Here is my story on Stepinac’s 78-56 loss in the CHSAA AA semifinals to Bishop Loughlin.
NEW YORK Underdogs can’t afford a slow start.
So as Stepinac struggled to shoot the ball at the beginning of the CHSAA AA semifinal game against Bishop Loughlin, hopes of the Crusaders going to their first AA final quickly began to fade.
“I think they came out and gave us the first punch and we didn’t really know how to react to it,” said Stepinac senior Josh James. “The whole game we were just falling behind and we just trailed the whole game.”
The Lions cruised to a 78-56 win at Fordham University as Stepinac had no answer for Loughlin’s fast pace. The Lions will face the winner of Christ the King and Cardinal Hayes in the AA final at Fordham Sunday at 3 p.m.
Stepinac was just 6 of 32 from the field in the first half, including 2 of 16 3-point attempts, as Loughlin jumped out to a 49-25 haltime lead.
Any type of run the Crusaders were able to build was stifled by the Lions’ ability to get the ball up the court quickly. The Lions beat Stepinac earlier this season, 83-70.
“Their transition offense is probably the best I’ve seen all year,” James said. “It’s really hard to stop. We just tried to contain, but they’re a little too much for us.”
James was one of the lone bright spots for Stepinac. Playing in his final game as a Crusader, the Monmouth-bound guard finished with a game-high 34 points and eight rebounds.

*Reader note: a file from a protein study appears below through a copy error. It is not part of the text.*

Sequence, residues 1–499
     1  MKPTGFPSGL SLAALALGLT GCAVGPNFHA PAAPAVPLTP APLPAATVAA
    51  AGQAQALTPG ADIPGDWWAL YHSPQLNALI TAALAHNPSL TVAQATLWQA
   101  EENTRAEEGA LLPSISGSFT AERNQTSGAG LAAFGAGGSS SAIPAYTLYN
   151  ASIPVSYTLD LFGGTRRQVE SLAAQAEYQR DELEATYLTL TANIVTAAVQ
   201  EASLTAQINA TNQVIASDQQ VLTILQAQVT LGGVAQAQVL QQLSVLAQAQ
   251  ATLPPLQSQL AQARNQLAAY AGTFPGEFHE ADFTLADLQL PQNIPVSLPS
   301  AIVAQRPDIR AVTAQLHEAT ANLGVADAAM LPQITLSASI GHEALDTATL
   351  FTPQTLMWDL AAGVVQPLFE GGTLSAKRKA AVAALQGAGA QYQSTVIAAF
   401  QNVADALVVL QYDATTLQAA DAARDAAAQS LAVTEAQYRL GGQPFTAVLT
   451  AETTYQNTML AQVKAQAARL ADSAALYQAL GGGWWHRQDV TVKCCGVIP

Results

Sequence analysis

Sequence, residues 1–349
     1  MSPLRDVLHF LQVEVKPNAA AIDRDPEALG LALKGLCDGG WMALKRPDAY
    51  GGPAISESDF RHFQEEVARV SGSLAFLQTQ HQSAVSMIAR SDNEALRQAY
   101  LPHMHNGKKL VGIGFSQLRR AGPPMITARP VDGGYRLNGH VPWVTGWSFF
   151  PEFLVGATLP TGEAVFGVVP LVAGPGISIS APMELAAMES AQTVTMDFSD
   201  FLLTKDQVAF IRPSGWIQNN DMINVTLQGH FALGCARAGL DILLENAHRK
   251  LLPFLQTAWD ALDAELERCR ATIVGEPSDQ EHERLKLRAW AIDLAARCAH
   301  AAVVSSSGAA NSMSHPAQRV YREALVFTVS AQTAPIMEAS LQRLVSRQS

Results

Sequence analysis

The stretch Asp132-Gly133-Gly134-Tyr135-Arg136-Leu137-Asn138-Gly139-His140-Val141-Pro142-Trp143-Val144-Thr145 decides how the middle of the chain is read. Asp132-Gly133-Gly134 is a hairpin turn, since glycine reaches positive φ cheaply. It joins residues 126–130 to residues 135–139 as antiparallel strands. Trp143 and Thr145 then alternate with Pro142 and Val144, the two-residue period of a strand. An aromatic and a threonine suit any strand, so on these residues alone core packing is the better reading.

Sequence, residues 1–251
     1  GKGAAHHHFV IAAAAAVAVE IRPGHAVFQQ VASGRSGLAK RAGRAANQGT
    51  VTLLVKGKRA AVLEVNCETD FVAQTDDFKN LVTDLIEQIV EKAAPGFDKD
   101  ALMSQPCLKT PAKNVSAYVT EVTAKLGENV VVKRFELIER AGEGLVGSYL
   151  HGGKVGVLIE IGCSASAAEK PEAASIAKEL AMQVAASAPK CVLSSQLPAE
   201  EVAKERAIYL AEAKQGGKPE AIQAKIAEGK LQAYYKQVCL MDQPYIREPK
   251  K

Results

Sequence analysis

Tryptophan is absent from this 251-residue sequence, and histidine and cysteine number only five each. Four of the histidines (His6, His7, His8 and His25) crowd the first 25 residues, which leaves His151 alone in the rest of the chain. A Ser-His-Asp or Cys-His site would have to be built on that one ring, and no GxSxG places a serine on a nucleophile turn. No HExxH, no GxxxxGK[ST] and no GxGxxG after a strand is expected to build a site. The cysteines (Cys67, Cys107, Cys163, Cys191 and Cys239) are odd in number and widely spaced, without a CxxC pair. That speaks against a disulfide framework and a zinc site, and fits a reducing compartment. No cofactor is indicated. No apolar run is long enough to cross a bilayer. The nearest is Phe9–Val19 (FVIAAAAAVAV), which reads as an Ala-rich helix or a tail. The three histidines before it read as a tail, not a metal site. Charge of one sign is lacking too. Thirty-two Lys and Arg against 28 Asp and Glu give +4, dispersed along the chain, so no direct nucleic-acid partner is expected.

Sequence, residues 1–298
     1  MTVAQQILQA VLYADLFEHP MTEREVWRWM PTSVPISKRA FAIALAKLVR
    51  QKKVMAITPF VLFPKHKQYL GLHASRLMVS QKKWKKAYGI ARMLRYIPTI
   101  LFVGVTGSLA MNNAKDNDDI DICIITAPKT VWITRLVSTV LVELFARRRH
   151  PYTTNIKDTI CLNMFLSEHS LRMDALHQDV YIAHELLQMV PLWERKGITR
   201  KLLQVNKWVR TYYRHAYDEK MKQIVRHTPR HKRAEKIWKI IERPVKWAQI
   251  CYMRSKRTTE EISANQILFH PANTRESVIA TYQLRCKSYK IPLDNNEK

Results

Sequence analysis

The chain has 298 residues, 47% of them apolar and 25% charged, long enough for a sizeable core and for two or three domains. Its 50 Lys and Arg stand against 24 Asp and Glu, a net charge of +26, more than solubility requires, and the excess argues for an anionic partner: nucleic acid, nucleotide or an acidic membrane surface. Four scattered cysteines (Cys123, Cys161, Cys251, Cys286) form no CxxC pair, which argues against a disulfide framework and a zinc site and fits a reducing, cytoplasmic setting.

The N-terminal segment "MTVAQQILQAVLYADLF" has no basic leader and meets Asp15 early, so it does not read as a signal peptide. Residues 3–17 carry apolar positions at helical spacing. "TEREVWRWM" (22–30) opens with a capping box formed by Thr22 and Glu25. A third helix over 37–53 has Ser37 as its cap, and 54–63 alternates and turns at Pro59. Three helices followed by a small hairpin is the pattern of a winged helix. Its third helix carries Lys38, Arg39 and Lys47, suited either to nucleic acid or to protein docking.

“He was consistent which is what I asked him,” said Stepinac coach Tim Philp. “Just be a leader on and off the court. Win every sprint, don’t ever quit and challenge your teammates every day.”
James is part of what Philp considers a special group of seniors that helped Stepinac to one of its most successful seasons in program history. Stepinac’s last appearance in the semifinals of the highest level of the CHSAA came in 1986
James Decker also had a strong performance in his final game. The forward had eight rebounds and five steals.
“One thing I can control is working hard for rebounds,” Decker said. “You can always control working hard and getting loose ball rebounds.”
Loughlin had no defined star as four players scored in double-digits. Michael Williams led the Lions with 17 points and nine rebounds.
For James, who played the entire game, a strong performance was a nice way to put a cap on a successful career at Stepinac.
“I just wanted to go out with a bang,” James said. “Whether we win or lose, I just wanted to fight hard every game and help my teammates win. Tonight I couldn’t, so I just wanted to go out with a bang for my last high school game.”